Grocery shopping can be hazardous to your health.
It’s true. That’s because every grocery store has a danger zone that must be passed through by every shopper. It’s called the cash counter. Innocuous-sounding, it is anything but that.
Decorated with attractive, compact, and low-cost items, like chocolates and other candy, the cash counter preys on us when we are at our most vulnerable. That is, when our brains have stopped working, and we’re too tired to behave properly.
The cash counter is the place we arrive after completing our grocery list, picking wholesome vegetables, wholegrain bread, and other essentials that are good for us and necessary, but no fun whatsoever. Picking up good groceries can be hard and tedious – we have to focus on finding the things that we’re supposed to have, and resisting other, sexier things. Our brain is tired and vulnerable by the time we roll the shopping cart towards the cashier.
It’s also the place where we spend a lot of time, waiting in line. Standing idle, we scan the shelves, for lack of anything else to do, and because we’re bored, we look for something that will break the monotony. Like a bright-colored, cheerful looking bag of crisps. Sure, we aren’t really hungry and chips are on the no-fly zone for our healthier diet. But it’s such a good way to while away time.
So, lingering in this drained state, in a place fraught with tempting goodies, we fall off-track our diet. Our brain, more specifically, decides to go on a little vacation, leaving us in the lurch in a high-risk zone. Essentially, this means a free for all, as we reach out, impulsively, for the stuff that makes us feel happy, literally without thinking too much. That’s when we throw in a chocolate bar here, a bag of toffees there, a couple of chips bags and sugary cola on top. The rest, as any struggling dieter will tell you, is history.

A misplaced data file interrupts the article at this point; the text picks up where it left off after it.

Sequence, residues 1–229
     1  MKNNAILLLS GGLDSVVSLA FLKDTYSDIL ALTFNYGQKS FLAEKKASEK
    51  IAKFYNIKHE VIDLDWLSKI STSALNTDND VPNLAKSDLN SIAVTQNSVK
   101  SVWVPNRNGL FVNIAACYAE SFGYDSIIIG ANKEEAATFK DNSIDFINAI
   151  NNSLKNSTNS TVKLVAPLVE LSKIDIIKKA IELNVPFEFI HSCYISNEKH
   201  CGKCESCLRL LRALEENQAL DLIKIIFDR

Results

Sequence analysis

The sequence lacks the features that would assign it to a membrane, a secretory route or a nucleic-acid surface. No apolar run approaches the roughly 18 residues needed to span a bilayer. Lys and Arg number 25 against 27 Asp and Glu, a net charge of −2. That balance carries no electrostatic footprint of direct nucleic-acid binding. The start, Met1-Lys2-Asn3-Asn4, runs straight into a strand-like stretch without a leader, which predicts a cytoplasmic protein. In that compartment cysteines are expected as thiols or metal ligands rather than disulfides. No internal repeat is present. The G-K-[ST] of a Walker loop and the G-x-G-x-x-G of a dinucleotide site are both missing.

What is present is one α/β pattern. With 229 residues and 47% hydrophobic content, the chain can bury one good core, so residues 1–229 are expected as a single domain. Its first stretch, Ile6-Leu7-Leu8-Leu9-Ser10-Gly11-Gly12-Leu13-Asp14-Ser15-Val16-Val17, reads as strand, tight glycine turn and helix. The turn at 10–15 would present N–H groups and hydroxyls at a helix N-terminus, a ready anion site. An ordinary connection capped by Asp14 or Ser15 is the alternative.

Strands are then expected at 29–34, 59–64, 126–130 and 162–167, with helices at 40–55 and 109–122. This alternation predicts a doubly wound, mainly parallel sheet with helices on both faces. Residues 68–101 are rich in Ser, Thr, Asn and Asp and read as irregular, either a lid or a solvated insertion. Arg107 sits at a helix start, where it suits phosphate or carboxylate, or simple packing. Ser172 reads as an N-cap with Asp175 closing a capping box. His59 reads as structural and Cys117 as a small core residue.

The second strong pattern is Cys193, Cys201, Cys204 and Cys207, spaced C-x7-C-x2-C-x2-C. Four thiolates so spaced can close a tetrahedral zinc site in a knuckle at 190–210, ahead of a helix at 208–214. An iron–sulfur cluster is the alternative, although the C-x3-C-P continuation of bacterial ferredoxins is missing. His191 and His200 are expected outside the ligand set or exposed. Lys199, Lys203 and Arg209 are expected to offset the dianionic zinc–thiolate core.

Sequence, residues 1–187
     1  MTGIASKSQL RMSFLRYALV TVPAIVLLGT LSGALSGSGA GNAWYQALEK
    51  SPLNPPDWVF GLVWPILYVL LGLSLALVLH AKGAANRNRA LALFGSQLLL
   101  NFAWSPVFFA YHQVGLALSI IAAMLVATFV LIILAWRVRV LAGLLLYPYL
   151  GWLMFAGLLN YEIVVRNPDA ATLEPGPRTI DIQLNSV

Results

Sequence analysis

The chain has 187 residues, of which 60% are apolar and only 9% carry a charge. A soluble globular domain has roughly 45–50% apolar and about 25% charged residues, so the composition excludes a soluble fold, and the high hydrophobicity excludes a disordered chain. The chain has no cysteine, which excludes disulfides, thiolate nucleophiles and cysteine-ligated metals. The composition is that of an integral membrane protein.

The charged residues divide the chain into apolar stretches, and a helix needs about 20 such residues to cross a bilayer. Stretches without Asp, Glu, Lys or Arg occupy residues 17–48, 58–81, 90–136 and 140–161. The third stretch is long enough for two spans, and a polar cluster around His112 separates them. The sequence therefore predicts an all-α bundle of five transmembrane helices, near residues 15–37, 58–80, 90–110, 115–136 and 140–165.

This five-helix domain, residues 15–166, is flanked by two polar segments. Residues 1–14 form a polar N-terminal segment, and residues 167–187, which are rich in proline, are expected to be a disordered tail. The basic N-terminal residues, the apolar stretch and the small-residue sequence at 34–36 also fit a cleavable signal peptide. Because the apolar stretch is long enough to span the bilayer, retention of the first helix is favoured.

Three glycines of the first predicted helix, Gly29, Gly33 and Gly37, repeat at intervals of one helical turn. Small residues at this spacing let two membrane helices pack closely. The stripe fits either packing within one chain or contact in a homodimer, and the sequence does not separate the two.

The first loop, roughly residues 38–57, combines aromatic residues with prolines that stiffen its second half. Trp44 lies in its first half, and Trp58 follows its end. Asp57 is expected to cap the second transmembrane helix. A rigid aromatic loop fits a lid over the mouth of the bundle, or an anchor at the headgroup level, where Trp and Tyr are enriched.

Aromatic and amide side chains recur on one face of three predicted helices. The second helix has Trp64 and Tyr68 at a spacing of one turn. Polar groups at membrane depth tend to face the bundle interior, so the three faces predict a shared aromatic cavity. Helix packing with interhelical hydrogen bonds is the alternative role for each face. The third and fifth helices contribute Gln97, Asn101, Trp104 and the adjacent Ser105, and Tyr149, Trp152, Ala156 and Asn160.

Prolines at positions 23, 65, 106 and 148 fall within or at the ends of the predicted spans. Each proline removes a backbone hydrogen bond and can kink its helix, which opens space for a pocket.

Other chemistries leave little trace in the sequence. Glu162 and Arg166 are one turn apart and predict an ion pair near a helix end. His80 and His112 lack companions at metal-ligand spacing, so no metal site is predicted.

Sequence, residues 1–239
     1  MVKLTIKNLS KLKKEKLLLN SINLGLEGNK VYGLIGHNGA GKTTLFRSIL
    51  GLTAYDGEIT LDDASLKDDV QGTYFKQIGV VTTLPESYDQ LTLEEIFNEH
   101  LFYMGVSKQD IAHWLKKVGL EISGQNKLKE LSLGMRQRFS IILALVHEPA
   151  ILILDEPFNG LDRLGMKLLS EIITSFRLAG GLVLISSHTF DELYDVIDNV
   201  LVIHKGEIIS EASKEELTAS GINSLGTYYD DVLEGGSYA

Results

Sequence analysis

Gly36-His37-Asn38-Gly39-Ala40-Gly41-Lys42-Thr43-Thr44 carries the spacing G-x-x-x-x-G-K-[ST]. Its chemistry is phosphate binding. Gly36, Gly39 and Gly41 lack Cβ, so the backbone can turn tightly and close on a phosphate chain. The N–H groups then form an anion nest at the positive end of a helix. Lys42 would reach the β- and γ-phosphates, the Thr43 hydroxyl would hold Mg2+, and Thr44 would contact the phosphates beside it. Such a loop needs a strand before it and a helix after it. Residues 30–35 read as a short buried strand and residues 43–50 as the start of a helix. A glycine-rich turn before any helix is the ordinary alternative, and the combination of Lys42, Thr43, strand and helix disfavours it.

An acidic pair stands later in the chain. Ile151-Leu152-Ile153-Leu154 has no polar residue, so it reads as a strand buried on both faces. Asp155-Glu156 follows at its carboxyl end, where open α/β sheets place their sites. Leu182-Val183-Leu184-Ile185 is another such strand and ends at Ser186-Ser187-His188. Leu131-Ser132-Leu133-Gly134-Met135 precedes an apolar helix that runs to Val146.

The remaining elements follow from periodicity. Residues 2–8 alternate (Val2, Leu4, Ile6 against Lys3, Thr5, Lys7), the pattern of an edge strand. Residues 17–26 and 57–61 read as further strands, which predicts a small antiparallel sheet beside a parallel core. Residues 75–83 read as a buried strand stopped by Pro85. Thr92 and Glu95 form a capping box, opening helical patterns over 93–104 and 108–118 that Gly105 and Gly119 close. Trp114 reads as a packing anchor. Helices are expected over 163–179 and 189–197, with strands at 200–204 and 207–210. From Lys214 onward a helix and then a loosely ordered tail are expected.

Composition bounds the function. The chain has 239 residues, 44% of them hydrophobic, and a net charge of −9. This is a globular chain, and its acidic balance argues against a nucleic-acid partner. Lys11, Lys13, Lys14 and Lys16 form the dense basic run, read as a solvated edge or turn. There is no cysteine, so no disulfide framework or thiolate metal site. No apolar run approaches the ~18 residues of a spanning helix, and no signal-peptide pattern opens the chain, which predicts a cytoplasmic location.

The cash counter can be a danger zone, and it should have beaming, flashing red lights, kind of like sirens.
Since that’s unlikely to happen, I have a couple of other, slightly more reasonable suggestions, one for us shoppers and one for the grocers.
For the grocers first, the request is to overhaul the types of things that are stocked, towards stuff that helps us lead healthier lives. Like dark chocolate, which research seems to show helps us manage our heart. And attractive packets of dry fruits and nuts, which look as much fun as they are nutritious.
Until our choices change at the cash counter, however, we shoppers will have to exert our self-control till we reach home. The shopping trip isn’t over when we reach the cashier; it’s only over when we are safely in our kitchen, unpacking. The good news is that our brains can be made to work harder for longer, even when they feel tired. We just have to make that choice.